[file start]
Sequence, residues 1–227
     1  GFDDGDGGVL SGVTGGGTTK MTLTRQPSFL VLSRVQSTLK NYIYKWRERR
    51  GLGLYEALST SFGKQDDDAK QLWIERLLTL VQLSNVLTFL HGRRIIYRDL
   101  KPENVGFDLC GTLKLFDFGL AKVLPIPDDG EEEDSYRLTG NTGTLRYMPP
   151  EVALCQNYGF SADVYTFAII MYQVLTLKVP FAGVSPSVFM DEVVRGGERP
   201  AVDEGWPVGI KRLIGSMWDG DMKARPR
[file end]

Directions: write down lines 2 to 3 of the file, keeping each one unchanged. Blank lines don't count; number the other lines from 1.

     1  GFDDGDGGVL SGVTGGGTTK MTLTRQPSFL VLSRVQSTLK NYIYKWRERR
    51  GLGLYEALST SFGKQDDDAK QLWIERLLTL VQLSNVLTFL HGRRIIYRDL